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Md. Budget Advances In House Of Delegates

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ANNAPOLIS, Md. (AP) — Maryland budget measures that raise more than $70 million in fees, make deeper cuts to the governor’s proposal and get the state started on pension reform moved forward in the House of Delegates Wednesday night.

The House adopted changes made late last week by its appropriations committee to the state’s $34 billion budget. Leaders in the Democrat-controlled House say the legislation addresses about 40 percent of the state’s projected budget deficit in future years.

“This was one of the most difficult budgets that the appropriations committee has worked on,” said Delegate Norman Conway, D-Wicomico, who has chaired the panel since 2003 and is a longtime member.

But Republicans contend lawmakers haven’t done enough to tackle the serious fiscal problems of the future.

“The world is a very unstable place and our economy is very unstable right now, and I don’t believe we’re taking the steps to be prepared for that environment and we should be taking much stronger action to balance our budget in the long term,” said Delegate Anthony O’Donnell, R-Calvert, the House minority leader.

Democrats rejected a variety of amendments offered by Republicans on Wednesday night.

One would have cut a provision that gives state employees who have endured three years of furloughs a $750 bonus. Another would have cut $12 million for stem cell research. Democrats also rejected an amendment that would have prohibited illegal immigrants from receiving in-county tuition at community colleges.

Last week, a House committee added more than $70 million in fee increases.

One of the biggest would double a titling fee on new vehicle purchases from $50 to $100, a change that would raise an estimated $50 million. A fee for vanity license plates would double from $25 to $50, raising an estimated $2 million. The money will go into the state’s badly depleted transportation trust fund to help make up some of the $100 million that Gov. Martin O’Malley transferred from it to fill budget holes and boost the state’s Rainy Day Fund.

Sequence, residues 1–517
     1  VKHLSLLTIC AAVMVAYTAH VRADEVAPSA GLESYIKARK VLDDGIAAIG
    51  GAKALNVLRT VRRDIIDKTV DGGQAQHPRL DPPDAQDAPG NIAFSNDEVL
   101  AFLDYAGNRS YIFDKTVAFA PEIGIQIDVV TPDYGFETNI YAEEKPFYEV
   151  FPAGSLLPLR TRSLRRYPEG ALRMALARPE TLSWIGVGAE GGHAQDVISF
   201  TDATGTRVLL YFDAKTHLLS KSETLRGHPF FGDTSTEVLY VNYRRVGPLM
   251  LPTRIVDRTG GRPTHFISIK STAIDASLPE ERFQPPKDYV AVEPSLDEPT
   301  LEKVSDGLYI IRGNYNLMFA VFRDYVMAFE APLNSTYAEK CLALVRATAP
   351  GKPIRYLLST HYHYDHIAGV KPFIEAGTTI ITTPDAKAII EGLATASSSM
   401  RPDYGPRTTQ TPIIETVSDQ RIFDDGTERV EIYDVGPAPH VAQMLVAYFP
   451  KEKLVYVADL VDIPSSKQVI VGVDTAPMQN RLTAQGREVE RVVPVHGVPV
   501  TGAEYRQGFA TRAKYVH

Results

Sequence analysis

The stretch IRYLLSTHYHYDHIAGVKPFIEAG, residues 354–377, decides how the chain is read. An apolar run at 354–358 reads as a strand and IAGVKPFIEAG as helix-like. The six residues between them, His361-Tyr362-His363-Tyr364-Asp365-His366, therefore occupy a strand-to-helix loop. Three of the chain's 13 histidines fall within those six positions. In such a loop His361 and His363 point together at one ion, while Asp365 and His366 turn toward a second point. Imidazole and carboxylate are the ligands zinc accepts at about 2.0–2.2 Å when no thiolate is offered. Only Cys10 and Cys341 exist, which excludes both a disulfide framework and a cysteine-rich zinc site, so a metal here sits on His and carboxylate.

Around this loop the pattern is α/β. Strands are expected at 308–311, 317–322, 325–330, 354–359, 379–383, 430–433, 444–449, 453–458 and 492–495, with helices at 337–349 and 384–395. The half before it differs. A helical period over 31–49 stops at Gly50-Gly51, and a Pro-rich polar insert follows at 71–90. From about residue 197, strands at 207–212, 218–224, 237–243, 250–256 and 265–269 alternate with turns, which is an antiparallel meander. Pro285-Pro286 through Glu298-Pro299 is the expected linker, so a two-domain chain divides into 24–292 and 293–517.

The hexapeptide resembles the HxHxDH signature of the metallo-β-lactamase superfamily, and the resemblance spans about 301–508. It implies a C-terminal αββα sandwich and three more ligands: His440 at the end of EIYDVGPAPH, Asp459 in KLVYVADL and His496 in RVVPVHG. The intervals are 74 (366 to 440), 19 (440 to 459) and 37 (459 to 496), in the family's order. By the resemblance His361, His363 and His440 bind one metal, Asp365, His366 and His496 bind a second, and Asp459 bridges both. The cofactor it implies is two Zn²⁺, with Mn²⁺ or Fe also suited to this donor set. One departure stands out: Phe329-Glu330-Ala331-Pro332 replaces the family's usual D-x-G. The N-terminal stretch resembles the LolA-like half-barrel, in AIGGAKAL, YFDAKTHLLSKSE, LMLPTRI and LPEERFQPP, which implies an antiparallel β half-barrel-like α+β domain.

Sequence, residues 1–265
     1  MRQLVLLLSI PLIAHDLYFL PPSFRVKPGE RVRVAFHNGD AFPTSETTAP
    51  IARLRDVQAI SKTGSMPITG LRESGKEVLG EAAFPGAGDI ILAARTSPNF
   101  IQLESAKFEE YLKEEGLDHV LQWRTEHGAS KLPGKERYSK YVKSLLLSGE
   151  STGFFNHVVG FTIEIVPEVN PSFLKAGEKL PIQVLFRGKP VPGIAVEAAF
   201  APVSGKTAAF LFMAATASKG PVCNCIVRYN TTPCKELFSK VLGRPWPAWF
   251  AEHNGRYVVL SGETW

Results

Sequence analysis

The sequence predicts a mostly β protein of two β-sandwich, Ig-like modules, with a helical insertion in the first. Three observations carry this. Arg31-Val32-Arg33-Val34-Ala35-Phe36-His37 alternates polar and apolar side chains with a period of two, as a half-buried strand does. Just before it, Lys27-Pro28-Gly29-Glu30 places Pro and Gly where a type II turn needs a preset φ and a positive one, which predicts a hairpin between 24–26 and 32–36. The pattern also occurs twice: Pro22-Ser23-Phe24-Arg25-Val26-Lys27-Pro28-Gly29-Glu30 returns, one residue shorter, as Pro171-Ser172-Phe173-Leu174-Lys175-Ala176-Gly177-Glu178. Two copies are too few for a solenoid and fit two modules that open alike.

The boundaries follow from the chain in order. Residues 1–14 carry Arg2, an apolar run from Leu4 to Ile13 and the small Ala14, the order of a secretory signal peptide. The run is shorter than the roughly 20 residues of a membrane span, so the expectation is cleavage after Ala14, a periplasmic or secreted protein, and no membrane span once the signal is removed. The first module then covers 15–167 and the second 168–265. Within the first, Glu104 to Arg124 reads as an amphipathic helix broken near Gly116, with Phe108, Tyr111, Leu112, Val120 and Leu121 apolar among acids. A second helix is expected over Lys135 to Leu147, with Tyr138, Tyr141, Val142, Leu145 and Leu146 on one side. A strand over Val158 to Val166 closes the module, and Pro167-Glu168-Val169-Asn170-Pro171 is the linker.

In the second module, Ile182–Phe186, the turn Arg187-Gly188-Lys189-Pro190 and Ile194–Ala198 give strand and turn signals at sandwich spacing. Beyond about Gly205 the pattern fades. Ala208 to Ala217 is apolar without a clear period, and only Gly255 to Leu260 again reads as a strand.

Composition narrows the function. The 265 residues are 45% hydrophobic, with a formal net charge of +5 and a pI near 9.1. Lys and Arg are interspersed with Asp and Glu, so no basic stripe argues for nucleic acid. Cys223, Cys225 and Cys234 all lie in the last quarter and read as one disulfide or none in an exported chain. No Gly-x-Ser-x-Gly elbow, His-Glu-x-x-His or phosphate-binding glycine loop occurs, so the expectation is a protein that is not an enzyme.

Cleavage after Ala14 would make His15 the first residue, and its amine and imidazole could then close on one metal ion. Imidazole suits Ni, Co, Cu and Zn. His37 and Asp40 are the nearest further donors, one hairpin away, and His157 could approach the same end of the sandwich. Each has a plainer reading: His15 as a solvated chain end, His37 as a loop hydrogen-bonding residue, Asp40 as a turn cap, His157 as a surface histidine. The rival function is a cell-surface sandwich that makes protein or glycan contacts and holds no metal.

The House legislation also provides $5 million in assistance for road repairs to counties and $8 million to municipalities, after severe cuts in recent years. It also restores about $58 million of $94 million that the Democratic governor had cut from education funding, after years of record spending on schools during the recession.

A surcharge on filing land records will rise from $20 to $40 to raise an estimated $17 million. Fees for birth certificates would double from $12 to $24.

The House legislation also includes a variety of cuts.

Some of the biggest include an $8 million reduction from the University System of Maryland and a $10 million rate reduction for managed care organizations under Medicaid. The plan also collects about $12 million in savings from changes to the state’s retiree prescription drug plan. Another $19 million in savings comes from charging counties 50 percent of property valuation costs.

O’Malley’s pension reform plan also was changed.

One significant difference requires state employees to pay 7 percent of their salaries instead of 5 percent into their pension plan. O’Malley’s proposal would have given employees a choice of paying 7 percent to receive the same retirement benefit or keep paying 5 percent for less money in retirement.

Maryland has $19 billion in unfunded pension liabilities and $16 billion in retiree health liabilities. The state is aiming to raise Maryland’s funding of the pension system from 64 percent to 80 percent by 2023.

A final vote in the House is expected as soon as Thursday. Then, the budget legislation goes to the Senate. Any changes made by the Senate will need to be worked out between the two chambers.

The House budget legislation includes about $120 million in fund balance as a cushion. It also includes about $800 million on the state’s Rainy Day Fund.

(Copyright 2011 by The Associated Press. All Rights Reserved.)

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